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Expanding the Capitol’s Dome

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The United States Architect of the Capitol has embarked on a massive project to restore the Capitol’s dome that is slated to take years and cover the dome with scaffolding.  This project inspired me to write a series of posts using the Library’s collections to explore a few of the firms and people who worked on the first expansion project in the middle of the 19th century.  That expansion created the dome we know today.

Inauguration of Abraham Lincoln at the U.S. Capitol with the dome being built but only two layers are finished and there is a crane in the middle
Inauguration of Abraham Lincoln at the U.S. Capitol, 1861

The building of the Capitol has a long history and many of the names associated with its early history may be familiar – Dr. William Thornton, Benjamin Latrobe, and James Bulfinch.  But the Dome has its own history and the work on it is never finished.  In 1855 efforts to expand it began with the planning and construction taking many years. Work started before President Lincoln was inaugurated in 1861 and continued though the turmoil of the Civil War.  The statue of Freedom may have been placed on top of the dome December 2, 1863, but it wasn’t until 1866 that Constantino Brumidi finished his Apotheosis of Washington. There were a number of photographs taken of the Capitol during construction that can be found in the Prints & Photographs catalog.

The names of Thornton, Latrobe, and Bulfinch are often mentioned in conjunction with the Capitol, but there were other prominent individuals involved in the expansion including Engineer of the Capitol Montgomery C. Meigs and Architects of the Capitol Thomas Ustik Walter and Edward C. Clark.  However, I wondered about those whose names aren’t mentioned, particularly the scores of suppliers, contractors, artisans, and slaves.

I got a good start on finding who some of them are after I found an interesting Senate document in the U.S. Serial Set (No. 1038, 36th Congress, Session Vol. No.1, S.Misc.Doc. 29) published in 1860.  Generally speaking, this document provides some specifics regarding the expansion project and is mostly filled with correspondence from various government persons like Meigs as well as correspondence from firms like Poole & Hunt in response to government queries.  It is laid out in a somewhat chronological order, which is useful for those wanting to follow the development of this particular project, but it could be useful as a case study of how the U.S. government purchased goods and services for large public projects at the time.  Within it there were a few things that were particularly helpful.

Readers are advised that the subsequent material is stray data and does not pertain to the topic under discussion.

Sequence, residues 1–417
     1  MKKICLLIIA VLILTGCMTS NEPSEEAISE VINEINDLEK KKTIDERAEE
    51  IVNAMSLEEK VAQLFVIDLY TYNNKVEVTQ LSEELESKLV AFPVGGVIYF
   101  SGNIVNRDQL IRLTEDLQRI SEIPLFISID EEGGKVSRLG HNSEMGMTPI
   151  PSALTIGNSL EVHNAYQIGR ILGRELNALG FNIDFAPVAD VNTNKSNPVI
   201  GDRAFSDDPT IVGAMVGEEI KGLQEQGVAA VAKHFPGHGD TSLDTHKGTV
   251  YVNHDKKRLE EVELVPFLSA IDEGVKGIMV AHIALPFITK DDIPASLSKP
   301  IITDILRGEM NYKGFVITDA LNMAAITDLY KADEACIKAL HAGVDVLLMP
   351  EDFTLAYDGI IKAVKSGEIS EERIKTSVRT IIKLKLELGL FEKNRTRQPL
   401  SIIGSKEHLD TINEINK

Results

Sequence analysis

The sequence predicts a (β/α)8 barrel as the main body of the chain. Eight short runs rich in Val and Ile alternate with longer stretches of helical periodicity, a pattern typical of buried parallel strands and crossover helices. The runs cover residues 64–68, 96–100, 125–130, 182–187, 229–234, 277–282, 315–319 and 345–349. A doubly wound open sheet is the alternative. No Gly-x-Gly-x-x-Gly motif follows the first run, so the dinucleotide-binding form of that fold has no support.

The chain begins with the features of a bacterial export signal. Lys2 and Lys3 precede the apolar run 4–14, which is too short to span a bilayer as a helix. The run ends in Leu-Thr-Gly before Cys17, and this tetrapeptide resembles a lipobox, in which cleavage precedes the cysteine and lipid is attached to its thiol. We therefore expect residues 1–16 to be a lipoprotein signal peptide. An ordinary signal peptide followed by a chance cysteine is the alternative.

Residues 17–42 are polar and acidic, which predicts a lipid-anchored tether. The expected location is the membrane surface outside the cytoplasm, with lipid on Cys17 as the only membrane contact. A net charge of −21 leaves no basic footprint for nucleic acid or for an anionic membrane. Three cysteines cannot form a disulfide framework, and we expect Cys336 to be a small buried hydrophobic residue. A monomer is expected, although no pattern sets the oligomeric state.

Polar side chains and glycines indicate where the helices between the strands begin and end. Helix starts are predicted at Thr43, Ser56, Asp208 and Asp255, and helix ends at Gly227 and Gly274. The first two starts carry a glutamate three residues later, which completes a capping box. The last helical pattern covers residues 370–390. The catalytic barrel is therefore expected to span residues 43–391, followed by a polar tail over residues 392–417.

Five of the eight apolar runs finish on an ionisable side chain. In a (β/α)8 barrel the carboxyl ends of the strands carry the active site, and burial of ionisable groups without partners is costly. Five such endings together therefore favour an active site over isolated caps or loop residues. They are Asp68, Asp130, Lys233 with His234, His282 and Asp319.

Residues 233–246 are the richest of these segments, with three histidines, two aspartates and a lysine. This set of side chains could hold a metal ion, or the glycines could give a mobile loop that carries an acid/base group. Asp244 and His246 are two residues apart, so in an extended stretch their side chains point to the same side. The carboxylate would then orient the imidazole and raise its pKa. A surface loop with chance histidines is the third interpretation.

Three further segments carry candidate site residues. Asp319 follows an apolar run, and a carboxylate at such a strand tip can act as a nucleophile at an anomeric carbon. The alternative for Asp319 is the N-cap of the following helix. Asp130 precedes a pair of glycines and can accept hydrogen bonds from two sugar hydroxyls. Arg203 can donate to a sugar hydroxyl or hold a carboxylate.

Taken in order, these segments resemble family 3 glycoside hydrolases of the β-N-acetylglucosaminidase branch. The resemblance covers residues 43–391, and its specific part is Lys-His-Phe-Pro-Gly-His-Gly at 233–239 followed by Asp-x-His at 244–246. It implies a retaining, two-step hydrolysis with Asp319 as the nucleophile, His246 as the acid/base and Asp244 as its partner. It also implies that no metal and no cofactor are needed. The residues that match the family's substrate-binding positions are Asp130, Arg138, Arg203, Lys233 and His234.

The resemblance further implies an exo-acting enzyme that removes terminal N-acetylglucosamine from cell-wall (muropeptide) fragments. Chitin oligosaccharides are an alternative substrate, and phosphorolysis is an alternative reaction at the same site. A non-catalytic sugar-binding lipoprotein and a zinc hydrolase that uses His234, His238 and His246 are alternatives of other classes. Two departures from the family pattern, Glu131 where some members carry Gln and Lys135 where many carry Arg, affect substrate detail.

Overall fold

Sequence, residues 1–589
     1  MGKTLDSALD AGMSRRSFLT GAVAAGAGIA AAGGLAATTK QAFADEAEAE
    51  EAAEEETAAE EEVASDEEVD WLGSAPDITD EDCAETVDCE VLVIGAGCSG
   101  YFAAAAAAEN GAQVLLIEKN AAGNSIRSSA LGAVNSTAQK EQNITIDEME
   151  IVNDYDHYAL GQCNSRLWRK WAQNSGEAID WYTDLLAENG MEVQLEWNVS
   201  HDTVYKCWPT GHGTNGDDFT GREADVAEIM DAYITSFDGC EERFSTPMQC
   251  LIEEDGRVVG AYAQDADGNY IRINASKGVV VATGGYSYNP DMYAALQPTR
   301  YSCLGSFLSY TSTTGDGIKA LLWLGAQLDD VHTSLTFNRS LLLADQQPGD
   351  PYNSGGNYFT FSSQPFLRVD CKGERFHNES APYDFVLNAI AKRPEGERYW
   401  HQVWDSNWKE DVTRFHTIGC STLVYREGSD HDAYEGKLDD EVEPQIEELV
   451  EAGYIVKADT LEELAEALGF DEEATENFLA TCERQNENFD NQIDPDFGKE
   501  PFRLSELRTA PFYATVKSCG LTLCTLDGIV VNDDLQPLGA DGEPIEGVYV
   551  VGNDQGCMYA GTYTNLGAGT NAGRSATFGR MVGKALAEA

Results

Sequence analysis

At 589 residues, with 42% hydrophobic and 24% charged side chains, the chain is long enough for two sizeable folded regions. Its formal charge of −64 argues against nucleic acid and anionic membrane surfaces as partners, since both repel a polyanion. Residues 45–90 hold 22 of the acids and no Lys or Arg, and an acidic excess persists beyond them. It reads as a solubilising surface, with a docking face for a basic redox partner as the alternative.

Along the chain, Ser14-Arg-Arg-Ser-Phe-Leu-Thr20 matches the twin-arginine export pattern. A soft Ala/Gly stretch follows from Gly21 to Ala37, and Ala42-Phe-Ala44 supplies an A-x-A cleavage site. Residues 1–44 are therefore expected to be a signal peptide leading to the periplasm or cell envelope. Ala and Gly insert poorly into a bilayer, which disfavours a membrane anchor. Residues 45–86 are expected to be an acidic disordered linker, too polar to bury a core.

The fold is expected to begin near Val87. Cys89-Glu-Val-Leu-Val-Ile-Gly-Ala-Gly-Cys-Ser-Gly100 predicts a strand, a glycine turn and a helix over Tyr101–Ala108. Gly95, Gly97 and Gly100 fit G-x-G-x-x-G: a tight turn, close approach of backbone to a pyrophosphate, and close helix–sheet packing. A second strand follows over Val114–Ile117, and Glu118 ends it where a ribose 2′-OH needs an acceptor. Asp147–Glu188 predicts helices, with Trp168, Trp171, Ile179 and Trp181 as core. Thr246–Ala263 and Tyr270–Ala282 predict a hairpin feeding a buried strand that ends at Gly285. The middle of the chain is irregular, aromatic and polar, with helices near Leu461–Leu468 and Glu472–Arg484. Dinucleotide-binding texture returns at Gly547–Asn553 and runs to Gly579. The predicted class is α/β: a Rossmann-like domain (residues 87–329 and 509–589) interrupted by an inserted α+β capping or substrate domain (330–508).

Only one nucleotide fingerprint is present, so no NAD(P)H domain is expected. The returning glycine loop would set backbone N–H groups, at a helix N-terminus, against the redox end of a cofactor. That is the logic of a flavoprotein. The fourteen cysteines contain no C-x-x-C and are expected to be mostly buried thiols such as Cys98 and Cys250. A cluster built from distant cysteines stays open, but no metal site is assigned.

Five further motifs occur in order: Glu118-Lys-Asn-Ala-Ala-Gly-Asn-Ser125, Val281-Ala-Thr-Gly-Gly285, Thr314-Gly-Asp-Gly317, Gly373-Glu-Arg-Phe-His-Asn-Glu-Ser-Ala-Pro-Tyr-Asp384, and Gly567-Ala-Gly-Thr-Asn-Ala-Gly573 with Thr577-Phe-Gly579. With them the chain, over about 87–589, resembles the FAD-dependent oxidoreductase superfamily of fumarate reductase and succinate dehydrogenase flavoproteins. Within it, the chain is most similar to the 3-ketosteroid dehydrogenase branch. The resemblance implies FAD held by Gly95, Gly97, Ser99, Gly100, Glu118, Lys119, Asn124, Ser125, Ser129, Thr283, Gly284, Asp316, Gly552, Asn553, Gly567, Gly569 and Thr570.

Detail from: Letter from the Superintendent of the Capitol Extension. 36th Congress, 1st Session. Misc. Doc No29,
Detail from: Letter from the Superintendent of the Capitol Extension. 36th Congress, 1st Session. Misc. Doc No29,
View of Capitol dome from Library of Congress' Thomas Jefferson Building from 2014 when there was scaffolding surrounding most of the dome while it was being worked on
View of Capitol dome from Library of Congress’ Thomas Jefferson Building, 2014.

The first was a list of those who were asked to submit proposals for 36 columns, as well as a follow up list of those who did submit proposals which included total bid figures.   Second, there was a three page list of some of those people and companies that had been paid up to that point.  Materials provided included hardware and tools, glass, wood, coal, bricks, and lumber as well as cast iron and wrought iron.  It also listed more specific services and purchases including hauling and cleaning bricks, the purchase of office furniture, rent for an office, postage, telegraphing services, the purchase of brooms and buckets, etc.

This is the first of several posts over the next couple of years which may include posts on two companies – Janes, Fowler & Kirtland and Poole & Hunt.

If you are interested in following the progress or knowing more about the current project, the Architect of the Capitol has a web page devoted to the restoration on Pinterest as well as a Twitter feed and information on their Facebook page.

UPDATE: The District of Columbia also has a copy of the Congressional report History of Slave Laborers in the Construction of the United States Capitol (Architect of the Capitol, 2005).

Comments (3)

  1. Very interesting information. Especially the cost of labor and materials.

  2. I think that this improvement will carry the United States Capital and The Congressional Seat into Many More Millenniums to come.

  3. wonderful!

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